Trip Linking

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Enviromentalists call it “trip linking.”  You can call it “Savings.”

Most motorists don't realize that a single one-mile trip to the dry cleaners emits up to 70 percent as much pollution as a ten-mile excursion with several stops. If motorists cut their “cold starts” – starting a vehicle that has been sitting for an hour or more – many tons of pollutants could be removed from the air each day.  Just that simple change can make an enormous impact.  In fact, a study conducted in the San Francisco Bay area showed that if residents reduced their number of “cold starts” by 25 percent, they could remove up to 97 tons of pollutants from the air each day. What an achievement!

Even better, “trip linking” saves time, money and reduces air pollution – creating savings all around.

TripLinking Tips

Motor vehicles are one of the largest contributors to air pollution. An effective way for non-commuters to reduce automobile pollution is to "Trip-Link," or to combine several small car trips into one larger trip.

Non-commuters include parents taking their kids to school, seniors, shoppers, weekend travelers, church goers . . .in effect, everyone who drives. Commuters, too, add to the non-commuter problem when they leave their office by car during the day to run errands or go out to lunch.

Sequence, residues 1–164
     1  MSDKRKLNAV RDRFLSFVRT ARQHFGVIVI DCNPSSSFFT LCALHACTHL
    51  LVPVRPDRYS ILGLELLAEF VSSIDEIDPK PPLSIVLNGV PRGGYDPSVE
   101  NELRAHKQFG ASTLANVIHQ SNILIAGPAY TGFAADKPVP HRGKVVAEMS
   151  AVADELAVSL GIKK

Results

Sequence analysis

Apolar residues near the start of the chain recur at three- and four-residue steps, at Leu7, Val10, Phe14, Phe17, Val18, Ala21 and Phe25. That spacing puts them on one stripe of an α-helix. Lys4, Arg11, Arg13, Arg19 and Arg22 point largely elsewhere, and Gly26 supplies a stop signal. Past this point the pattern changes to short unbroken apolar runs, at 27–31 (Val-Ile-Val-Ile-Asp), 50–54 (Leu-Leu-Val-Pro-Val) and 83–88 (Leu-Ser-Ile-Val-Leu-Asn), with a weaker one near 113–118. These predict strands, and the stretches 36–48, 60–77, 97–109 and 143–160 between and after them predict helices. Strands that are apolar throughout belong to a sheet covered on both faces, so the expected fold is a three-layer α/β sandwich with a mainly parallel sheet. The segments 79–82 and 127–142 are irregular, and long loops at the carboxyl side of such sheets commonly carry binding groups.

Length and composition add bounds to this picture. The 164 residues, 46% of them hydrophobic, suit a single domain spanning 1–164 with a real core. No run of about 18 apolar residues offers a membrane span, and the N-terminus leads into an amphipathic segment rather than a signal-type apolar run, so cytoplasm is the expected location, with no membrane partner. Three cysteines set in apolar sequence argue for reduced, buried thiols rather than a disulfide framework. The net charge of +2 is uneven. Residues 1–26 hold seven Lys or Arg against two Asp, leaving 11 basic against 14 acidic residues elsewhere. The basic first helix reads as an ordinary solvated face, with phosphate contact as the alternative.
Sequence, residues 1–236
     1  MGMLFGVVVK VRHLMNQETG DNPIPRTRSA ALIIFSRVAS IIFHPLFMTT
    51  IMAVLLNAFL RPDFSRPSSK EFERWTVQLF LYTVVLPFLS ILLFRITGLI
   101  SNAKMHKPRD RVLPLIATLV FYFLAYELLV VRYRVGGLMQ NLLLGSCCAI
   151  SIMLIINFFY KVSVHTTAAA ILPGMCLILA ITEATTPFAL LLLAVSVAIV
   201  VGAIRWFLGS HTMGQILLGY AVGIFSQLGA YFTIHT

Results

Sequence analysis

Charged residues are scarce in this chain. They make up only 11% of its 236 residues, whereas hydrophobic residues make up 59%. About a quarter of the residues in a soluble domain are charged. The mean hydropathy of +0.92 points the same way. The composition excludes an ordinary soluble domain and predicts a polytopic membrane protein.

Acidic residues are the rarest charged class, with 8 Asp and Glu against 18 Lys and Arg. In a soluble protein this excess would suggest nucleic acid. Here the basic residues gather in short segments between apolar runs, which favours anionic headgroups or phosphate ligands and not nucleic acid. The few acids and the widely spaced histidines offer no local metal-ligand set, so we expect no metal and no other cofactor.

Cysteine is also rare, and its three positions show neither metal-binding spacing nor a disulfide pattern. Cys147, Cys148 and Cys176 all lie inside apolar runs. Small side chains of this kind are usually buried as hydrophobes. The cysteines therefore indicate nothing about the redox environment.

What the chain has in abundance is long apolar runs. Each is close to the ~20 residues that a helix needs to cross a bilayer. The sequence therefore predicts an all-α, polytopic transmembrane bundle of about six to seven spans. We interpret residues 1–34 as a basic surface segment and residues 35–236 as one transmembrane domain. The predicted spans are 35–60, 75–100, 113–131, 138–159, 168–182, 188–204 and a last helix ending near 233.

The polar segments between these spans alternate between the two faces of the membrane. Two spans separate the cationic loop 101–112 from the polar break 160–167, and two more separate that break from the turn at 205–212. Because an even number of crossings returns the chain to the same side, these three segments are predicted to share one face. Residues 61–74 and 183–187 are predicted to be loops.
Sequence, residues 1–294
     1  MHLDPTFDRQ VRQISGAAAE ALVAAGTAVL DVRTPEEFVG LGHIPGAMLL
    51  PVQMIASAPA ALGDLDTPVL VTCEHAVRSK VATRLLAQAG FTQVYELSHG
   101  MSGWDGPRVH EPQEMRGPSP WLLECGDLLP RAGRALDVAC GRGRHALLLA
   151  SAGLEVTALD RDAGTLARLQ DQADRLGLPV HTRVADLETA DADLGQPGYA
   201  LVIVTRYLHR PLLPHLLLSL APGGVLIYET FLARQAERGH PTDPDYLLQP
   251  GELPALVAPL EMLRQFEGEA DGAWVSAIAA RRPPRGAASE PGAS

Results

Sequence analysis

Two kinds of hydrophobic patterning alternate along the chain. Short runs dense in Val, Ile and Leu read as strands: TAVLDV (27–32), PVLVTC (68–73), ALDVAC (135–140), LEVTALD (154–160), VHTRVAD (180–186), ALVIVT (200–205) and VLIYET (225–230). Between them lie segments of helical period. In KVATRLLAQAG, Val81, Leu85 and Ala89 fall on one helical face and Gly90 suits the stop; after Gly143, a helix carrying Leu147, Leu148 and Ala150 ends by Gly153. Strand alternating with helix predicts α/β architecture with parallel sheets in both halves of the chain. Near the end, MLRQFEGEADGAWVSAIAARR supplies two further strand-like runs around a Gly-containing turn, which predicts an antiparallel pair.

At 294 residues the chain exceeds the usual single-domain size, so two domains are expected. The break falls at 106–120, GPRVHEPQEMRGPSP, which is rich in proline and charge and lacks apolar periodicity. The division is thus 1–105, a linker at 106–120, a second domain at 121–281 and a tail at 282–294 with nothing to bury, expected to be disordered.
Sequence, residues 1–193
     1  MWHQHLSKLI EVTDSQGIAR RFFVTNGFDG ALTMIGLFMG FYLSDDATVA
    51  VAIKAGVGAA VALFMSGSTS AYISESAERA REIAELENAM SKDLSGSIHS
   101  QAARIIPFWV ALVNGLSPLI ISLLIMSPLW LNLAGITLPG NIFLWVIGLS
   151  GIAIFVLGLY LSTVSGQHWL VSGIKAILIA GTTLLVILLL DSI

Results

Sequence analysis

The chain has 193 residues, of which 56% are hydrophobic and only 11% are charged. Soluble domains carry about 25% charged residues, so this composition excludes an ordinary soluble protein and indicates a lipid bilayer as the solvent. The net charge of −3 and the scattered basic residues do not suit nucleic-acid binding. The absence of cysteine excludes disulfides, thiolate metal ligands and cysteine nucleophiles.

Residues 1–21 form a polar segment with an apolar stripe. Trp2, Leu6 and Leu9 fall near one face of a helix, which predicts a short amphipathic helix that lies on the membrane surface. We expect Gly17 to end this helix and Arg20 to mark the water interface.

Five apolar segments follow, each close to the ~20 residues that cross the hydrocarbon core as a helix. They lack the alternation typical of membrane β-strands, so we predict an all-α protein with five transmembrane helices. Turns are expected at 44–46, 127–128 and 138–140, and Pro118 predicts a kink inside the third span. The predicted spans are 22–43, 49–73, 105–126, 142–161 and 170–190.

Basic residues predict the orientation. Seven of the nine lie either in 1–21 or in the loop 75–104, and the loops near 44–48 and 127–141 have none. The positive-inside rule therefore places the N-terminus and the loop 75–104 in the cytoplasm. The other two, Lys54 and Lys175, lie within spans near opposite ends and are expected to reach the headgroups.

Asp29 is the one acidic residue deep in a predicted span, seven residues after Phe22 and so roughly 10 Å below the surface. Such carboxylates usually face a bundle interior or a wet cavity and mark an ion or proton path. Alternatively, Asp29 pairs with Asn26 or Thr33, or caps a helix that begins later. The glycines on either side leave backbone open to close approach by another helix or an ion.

If you must drive, you can reduce your vehicle’s emissions by minimizing "cold starts" and short/single-errand trips. A cold car, one that’s been sitting for an hour or more, pollutes up to five times more than a warm car. This is because the engine's air pollution control device, the catalytic converter, takes several minutes to warm up and work efficiently. By linking trips together and keeping your car engine warm, you can avoid cold starts.

Trip Linking is easy, and it will save you time and money.  Here are some tips to get you started:

  • Keep a running list of errands you need to do.
  • Give yourself enough time and plan ahead.
  • Think before you drive:
"Do I really need to make this trip?"
"How can I combine this errand with another trip I'll be making this week?"
  • Try to match items on your list that are located near each other. 

For example, if your child's school is located near your dry cleaner and post office, three trips could be linked together into one!